Productivity, Inequality, and a New Gilded Age

©2002 Ted Rall, Universal Press Syndicate

This Ted Rall cartoon of business malfeasance was written after the Enron scandal and the Dot-com market crash, but there has also been quieter profiteering before and since from lagging wages in the entire economy. When I look at the productivity and pay chart below, I see my working years from 1973 to 2015:

That gap between productivity and pay has helped fund a new gilded age with more rich people holding more wealth. The incomes below are real, meaning adjusted for inflation, and only average, meaning undisclosed higher incomes.

Another source of new wealth has been the reduction in Federal income taxes from 1962 to Trump’s 2018 tax cut, as shown by the history of the marginal, or highest, tax rate:

The combination of lagging pay and decreased taxes has lifted the top 1% more than the flattened 99%. As the 2021 Matt Wuerker cartoon below shows, not everyone benefits when the wealthy get wealthier. But they do have more disposable income to pay for gilding their lifestyles.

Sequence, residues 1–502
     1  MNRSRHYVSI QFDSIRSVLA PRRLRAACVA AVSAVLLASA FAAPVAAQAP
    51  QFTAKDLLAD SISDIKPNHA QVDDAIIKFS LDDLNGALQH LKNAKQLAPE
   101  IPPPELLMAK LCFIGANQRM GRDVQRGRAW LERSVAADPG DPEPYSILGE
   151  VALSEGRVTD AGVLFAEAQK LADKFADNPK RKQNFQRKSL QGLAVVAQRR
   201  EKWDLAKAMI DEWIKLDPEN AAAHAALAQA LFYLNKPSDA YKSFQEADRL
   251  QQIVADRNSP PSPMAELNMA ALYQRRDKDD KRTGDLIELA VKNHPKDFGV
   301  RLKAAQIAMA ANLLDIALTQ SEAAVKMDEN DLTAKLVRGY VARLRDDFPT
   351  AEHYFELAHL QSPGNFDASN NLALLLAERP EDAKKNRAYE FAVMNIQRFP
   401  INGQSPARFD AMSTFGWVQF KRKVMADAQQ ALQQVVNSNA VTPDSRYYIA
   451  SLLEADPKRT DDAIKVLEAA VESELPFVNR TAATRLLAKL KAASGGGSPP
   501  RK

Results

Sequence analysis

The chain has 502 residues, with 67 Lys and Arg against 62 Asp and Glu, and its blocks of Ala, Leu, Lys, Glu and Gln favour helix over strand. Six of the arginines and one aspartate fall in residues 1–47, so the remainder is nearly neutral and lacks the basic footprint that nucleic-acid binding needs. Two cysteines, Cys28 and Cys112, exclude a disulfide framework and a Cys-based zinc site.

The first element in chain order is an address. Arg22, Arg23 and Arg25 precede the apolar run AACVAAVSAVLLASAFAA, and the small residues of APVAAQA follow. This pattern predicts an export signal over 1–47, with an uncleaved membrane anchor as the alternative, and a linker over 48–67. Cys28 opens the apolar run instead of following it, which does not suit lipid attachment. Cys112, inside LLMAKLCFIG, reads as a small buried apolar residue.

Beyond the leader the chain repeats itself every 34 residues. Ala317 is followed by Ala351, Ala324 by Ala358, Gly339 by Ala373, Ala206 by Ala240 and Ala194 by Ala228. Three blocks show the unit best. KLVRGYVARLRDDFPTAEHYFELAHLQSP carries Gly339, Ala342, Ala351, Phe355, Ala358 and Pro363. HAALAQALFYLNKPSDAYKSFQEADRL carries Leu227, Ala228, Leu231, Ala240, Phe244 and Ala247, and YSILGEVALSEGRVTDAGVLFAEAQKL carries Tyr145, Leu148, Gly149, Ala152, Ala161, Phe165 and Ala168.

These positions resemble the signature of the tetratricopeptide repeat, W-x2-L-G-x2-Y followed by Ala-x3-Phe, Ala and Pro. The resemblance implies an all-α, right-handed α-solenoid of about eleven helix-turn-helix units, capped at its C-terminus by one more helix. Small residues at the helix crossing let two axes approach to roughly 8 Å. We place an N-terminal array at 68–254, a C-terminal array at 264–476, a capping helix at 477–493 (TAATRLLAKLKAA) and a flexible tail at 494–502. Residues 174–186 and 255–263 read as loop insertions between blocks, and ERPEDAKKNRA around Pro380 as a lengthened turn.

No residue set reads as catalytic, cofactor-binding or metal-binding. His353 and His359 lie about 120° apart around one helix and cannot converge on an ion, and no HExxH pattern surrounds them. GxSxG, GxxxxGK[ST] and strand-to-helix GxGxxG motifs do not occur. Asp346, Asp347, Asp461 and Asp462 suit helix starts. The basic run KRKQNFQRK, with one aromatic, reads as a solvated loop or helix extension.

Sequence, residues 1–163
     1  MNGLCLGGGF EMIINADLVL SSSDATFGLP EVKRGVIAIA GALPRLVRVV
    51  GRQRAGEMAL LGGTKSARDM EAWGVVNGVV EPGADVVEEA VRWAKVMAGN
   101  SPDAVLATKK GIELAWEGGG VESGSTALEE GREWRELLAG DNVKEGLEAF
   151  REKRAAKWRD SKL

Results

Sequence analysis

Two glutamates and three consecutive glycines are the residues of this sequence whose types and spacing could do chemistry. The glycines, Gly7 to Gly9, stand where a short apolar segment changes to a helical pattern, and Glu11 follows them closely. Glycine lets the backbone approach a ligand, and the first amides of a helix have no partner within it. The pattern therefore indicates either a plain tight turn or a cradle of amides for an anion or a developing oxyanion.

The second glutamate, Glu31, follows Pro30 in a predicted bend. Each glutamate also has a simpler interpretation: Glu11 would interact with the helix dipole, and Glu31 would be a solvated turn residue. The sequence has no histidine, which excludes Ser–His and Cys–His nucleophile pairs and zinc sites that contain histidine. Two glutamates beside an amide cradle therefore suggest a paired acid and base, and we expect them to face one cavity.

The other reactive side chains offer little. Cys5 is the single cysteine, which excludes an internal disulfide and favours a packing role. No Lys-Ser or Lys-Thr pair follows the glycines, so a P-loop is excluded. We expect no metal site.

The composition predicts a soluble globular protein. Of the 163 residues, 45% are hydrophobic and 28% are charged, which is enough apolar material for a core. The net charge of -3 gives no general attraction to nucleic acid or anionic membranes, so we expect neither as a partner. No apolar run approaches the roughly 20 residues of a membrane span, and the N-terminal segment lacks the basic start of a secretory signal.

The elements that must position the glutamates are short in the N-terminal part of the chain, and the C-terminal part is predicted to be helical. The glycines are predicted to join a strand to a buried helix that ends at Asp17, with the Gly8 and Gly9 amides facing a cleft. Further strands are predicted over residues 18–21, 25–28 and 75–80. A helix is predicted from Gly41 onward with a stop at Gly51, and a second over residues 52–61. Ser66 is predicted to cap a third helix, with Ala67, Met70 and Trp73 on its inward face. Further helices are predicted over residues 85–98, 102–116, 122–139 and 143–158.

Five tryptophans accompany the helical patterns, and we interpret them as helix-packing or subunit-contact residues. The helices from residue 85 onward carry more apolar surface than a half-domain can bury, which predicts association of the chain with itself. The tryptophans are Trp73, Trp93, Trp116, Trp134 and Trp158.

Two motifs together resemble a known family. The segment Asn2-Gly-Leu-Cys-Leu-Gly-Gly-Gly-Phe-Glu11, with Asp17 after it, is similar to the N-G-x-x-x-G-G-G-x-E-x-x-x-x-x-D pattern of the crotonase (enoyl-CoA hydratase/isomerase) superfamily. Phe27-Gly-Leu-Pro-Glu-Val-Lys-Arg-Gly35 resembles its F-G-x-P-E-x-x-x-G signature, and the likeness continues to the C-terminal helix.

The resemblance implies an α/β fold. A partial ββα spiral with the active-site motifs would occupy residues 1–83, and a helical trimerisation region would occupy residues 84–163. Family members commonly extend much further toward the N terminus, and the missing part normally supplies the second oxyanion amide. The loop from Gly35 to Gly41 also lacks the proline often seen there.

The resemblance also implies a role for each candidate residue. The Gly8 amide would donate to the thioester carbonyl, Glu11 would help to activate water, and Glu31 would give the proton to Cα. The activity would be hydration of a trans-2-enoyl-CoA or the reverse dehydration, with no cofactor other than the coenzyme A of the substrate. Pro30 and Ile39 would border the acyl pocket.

This points to the start of a solution to our growing problems. The world needs funding for climate change research, infrastructure, remediation, and innumerable other unknowns. We could begin with a return to the tax rates of Truman and Eisenhower from 1948 to 1962.

One response

  1. The growing gap between worker productivity and pay has been a new source of wealth since the early 1970’s. A much older but similar source of wealth was pocketed by slave owners.